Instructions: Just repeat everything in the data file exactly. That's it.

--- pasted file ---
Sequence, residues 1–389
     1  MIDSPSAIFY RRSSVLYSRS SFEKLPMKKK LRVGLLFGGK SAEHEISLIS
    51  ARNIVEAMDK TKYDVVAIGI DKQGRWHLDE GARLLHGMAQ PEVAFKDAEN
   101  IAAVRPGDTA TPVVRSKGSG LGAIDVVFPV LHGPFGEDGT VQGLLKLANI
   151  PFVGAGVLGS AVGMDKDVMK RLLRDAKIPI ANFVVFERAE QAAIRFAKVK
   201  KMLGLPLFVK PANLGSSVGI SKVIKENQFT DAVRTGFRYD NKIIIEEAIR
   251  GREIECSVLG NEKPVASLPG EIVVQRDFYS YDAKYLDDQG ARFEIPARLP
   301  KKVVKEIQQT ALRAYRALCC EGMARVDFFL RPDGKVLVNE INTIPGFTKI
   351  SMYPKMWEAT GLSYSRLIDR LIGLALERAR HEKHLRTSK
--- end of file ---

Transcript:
Sequence, residues 1–389
     1  MIDSPSAIFY RRSSVLYSRS SFEKLPMKKK LRVGLLFGGK SAEHEISLIS
    51  ARNIVEAMDK TKYDVVAIGI DKQGRWHLDE GARLLHGMAQ PEVAFKDAEN
   101  IAAVRPGDTA TPVVRSKGSG LGAIDVVFPV LHGPFGEDGT VQGLLKLANI
   151  PFVGAGVLGS AVGMDKDVMK RLLRDAKIPI ANFVVFERAE QAAIRFAKVK
   201  KMLGLPLFVK PANLGSSVGI SKVIKENQFT DAVRTGFRYD NKIIIEEAIR
   251  GREIECSVLG NEKPVASLPG EIVVQRDFYS YDAKYLDDQG ARFEIPARLP
   301  KKVVKEIQQT ALRAYRALCC EGMARVDFFL RPDGKVLVNE INTIPGFTKI
   351  SMYPKMWEAT GLSYSRLIDR LIGLALERAR HEKHLRTSK